It’s a startling sound that can stop you in your tracks. There’s no mistaking the rattlesnake’s rattle. Yet, how it makes that scary sound has been misunderstood.
Some people think a rattlesnake’s rattle is full of pebbles, like beads in a baby’s rattle. Actually, the rattle is made of special hollow scales, made of keratin, on the tip of the snake’s tail. These scales are loosely connected. When the rattlesnake vibrates its tail, the scales rapidly strike each other, causing a buzzing sound.
See rattlesnake rattles in action with a prairie rattlesnake from Kansas and massasauga rattlesnake from Missouri .
A rattlesnake is born with a single button on its tail. Each time the snake sheds its skin, a new segment is added at the base of the rattle. MDC Herpetologist Jeff Briggler notes that, "The more a snake is growing, the faster it sheds. Younger snakes shed more than older snakes and can shed on average, three to four times a year in warmer months." As the rattle grows longer, the end segments can weaken and break off. Sometimes insects eat holes into the rattle, further weakening it and causing a loss of segments. This pattern of growth makes it impossible to determine the snake’s age by counting the number of segments in its rattle. In cases of injury or damage, or even surprise, you may not hear a rattle which may make identification more difficult.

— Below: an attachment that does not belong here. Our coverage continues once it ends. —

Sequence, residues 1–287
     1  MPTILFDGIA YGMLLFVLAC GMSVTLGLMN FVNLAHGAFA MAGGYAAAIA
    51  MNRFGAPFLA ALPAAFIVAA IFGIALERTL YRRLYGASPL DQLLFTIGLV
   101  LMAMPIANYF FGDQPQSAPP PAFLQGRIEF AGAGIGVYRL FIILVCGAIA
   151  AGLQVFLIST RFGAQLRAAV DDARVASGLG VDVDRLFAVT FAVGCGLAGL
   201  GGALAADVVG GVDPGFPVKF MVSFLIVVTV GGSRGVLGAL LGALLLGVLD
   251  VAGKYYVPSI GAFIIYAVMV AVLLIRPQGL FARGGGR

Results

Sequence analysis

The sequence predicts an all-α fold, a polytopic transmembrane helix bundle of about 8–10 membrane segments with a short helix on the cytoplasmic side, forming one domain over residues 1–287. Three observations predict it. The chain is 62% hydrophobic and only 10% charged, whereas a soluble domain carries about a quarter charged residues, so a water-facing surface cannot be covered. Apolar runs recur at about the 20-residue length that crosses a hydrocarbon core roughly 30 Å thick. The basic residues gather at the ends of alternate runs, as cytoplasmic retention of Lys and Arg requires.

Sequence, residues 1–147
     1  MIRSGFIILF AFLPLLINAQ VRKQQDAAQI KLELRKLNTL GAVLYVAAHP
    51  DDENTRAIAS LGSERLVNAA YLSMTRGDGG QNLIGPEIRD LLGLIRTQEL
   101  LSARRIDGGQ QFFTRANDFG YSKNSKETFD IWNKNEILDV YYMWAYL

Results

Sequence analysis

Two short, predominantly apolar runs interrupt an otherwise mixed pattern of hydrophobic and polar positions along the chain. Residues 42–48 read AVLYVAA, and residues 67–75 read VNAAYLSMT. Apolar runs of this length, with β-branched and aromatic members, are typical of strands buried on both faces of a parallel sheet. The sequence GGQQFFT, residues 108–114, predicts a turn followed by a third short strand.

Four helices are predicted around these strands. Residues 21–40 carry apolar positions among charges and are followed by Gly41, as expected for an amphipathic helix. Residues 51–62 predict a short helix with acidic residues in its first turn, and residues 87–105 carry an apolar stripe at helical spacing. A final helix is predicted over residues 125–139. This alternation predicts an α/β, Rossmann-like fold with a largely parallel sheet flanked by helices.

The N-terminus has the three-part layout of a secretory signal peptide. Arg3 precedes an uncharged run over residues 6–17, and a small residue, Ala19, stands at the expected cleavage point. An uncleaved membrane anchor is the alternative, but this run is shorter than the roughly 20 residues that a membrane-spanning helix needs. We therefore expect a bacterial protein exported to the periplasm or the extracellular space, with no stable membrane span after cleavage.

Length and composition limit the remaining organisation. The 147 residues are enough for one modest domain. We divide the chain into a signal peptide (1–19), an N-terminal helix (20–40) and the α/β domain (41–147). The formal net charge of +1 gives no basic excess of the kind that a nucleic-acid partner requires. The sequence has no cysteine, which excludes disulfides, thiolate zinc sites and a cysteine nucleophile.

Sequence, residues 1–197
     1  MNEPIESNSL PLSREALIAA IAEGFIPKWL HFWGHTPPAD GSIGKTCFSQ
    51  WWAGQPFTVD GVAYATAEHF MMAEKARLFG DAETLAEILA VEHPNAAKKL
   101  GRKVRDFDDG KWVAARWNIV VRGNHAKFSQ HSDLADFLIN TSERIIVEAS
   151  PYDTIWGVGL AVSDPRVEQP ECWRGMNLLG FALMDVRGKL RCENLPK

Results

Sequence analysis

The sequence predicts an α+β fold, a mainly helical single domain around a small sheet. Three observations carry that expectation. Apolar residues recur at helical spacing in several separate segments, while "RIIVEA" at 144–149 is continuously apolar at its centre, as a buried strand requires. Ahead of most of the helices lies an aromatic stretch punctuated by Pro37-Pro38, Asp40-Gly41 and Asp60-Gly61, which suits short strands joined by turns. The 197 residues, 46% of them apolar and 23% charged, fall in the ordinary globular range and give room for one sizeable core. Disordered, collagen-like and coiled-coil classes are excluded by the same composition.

Listen to our Nature Boost podcast on snakes with MDC Herpetologist Jeff Briggler.
The buzz of the rattle is designed to draw attention. Rattlesnakes evolved on the Great Plains where hooved animals, like bison and elk, roamed. The sharp buzz of the rattle protected rattlesnakes from trampling by alerting these animals to the snakes. By scaring off predators and large, blundering intruders, rattlesnakes conserve their energy and venom for catching food.
The Largest Venomous Snake in Missouri
What do you know about the timber rattlesnake? Here are a few quick facts about this venomous predator. It should be noted that there are only a few cases of rattlesnake bites in Missouri.
- The timber rattlesnake uses camouflage to avoid being seen; however, it will bite if harassed. It is dangerously venomous, and medical attention must be sought immediately if someone is bitten.
- In Missouri, it tends to congregate in selected south-facing rocky areas where it overwinters.
- Due to the rough country where this species normally occurs, and the fact that it is mostly nocturnal during the summer, few Missourians encounter this species.
- Timber rattlesnakes eat a variety of rodents and also small rabbits. They use their venom so that they can take their prey without a struggle. A secondary use for the venom is for self-defense.
- It’s length is between 3 and 5 feet.
For more on the timber rattlesnake, visit the MDC’s Field Guide.
Note: The other two Missouri rattlesnakes are the western pygmy and prairie massasauga.